MARGARET BRENNAN: What is the solution to this, since it is part of reopening the economy. When you talk to people in Washington, are you suggesting that Congress provide subsidies to childcare? I mean the federal government doesn't do that for early childhood education.

TOM WYATT: Very, very good question. Let me tell you a couple of things that we are in conversations with Congress on and we feel like we'll be a part of. We hope we'll be a part of phase four when they return on the 20th of July from recess. Two things that we've asked them for is we are operating at a compromised state. State mandates have been certain number of children in a room, much less than we've had in the past. Our centers, given those mandates, can only get to forty-five, fifty percent of their capacity, which, candidly, we don't make money at that rate. So we need to relax those over time and when it's safe to do so. So we've asked for a rebound grant fund and that fund is for the next six to nine months. We're asking for between twenty-five and fifty billion dollars to help us get through the additional cost of PPE, the additional cost of training. We have more labor in-- more-- more labor in the center than we had pre-COVID. We have a-- a dedicated ambassador for health and safety, which is additional head count.

MARGARET BRENNAN: Okay.

TOM WYATT: And all of that with less than fifty percent of the children that we had pre-COVID.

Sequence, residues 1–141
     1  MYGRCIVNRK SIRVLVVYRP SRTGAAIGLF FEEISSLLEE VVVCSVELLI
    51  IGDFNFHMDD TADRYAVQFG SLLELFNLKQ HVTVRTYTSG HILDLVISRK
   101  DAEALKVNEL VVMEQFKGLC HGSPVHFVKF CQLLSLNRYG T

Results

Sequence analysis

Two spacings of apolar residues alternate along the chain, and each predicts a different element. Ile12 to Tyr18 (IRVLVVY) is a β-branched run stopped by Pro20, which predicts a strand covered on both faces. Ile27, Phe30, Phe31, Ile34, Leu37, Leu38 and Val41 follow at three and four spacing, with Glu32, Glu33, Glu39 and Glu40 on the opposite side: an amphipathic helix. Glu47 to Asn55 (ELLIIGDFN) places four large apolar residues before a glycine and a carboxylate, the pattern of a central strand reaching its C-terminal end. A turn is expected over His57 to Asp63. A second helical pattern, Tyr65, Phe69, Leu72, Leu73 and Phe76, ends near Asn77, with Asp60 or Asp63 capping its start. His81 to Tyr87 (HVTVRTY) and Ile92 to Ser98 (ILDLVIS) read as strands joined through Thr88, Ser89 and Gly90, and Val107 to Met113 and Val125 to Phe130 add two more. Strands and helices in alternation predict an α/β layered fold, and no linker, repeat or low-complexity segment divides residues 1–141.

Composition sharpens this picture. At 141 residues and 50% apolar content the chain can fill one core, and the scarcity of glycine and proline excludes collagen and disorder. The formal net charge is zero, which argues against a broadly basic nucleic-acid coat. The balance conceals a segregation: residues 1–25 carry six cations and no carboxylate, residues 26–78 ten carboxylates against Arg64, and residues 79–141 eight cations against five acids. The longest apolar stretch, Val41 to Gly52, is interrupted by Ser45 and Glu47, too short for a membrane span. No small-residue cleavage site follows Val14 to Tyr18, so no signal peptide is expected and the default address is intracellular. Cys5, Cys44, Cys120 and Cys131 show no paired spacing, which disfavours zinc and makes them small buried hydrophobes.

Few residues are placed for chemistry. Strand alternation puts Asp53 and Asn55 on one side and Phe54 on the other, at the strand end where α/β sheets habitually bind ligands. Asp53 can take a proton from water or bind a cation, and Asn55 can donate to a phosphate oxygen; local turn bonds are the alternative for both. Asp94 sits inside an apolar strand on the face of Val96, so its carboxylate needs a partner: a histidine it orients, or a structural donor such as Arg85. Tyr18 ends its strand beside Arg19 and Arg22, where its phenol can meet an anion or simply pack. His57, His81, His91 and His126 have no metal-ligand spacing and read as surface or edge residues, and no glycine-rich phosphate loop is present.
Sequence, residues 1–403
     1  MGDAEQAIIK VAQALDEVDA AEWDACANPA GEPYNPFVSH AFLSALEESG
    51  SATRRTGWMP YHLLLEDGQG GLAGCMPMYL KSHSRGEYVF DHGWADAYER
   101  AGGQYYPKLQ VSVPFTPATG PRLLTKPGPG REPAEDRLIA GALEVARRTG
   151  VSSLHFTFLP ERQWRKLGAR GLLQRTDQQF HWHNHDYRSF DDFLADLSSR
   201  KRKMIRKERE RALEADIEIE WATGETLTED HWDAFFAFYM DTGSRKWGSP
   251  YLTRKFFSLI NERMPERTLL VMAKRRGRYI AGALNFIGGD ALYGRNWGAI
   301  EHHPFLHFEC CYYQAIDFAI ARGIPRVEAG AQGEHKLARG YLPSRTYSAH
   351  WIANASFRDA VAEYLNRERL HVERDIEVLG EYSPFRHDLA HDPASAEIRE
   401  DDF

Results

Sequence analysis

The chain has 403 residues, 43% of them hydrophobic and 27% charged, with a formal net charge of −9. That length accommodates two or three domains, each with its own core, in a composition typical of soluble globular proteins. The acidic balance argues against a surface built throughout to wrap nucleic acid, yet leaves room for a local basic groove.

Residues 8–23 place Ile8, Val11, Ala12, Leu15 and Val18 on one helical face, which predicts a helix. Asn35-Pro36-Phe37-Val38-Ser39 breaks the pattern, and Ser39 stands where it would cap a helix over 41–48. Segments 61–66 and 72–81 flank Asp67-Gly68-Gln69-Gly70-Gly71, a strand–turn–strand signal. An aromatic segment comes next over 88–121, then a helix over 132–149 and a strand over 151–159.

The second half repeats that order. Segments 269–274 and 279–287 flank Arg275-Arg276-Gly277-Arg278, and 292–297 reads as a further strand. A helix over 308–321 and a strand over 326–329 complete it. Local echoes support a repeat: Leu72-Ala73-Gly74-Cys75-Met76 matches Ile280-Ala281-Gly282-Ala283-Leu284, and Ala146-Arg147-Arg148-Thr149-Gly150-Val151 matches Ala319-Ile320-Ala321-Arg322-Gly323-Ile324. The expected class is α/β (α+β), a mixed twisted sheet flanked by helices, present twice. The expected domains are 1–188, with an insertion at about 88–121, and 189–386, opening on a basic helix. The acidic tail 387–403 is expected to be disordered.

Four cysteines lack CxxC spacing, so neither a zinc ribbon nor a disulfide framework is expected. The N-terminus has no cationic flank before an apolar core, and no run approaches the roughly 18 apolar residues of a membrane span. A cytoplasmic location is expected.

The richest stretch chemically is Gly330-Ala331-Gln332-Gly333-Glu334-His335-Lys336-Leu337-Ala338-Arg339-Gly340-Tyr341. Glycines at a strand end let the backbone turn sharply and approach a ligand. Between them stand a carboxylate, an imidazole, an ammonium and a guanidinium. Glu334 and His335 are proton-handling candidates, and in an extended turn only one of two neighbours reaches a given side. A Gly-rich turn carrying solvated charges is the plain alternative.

MARGARET BRENNAN: Well, we will--

TOM WYATT: That's one for me, but to answer your question, we've--

MARGARET BRENNAN: Well, we actually-- I'm sorry. I have to-- I have to leave it there. But we will be tracking what happens with you and childcare on this program ahead. Thank you for sharing your insights, Tom Wyatt of KinderCare.

We'll be back with some politics in a moment and how the virus is impacting campaign 2020 in those hotspot states.

(ANNOUNCEMENTS)

MARGARET BRENNAN: It's just over a hundred days until Election Day. And this morning, we have a new CBS News Battleground Tracker out that looks at the presidential race in three states heavily impacted by the coronavirus. That's Arizona, Texas, and Florida. Results show former Vice President Joe Biden will be competitive or better in all three states. Mister Biden and President Trump are tied forty-six to forty-six in Arizona. President Trump is up forty-six to forty-five in Texas. And the former vice president is up by six points, forty-eight to forty-two in Florida. CBS News elections and surveys director Anthony Salvanto joins us from his home this morning in Westchester County, New York. Good morning, Anthony. Good to have you back.

ANTHONY SALVANTO (CBS News Elections and Surveys Director/@SalvantoCBS): Good morning, Margaret. Thank you.

MARGARET BRENNAN: So these states are heavily impacted by the virus itself but is that influencing votes?

ANTHONY SALVANTO: In a short answer yes. And here is how. First, for some context we asked people if their state reopened and reopened the economy too quickly or at the right speed and a majority in all of them said they thought their state went too quickly. And then they also told us that they felt that the state did that because of pressure from the Trump administration. So you combine that with the President's low approval for handling COVID in these states, and he may be paying something of a political price, at least for the moment there. And then the other thing that struck us is that people in these states are concerned about getting COVID. And the more concerned that someone is, the more likely they are to say that they are voting for Joe Biden. So that's that personal connection we see in relation to the policy and it's part of what's reshaping the Sun Belt and putting some of these states in play, maybe reshaping the overall electoral map. Margaret.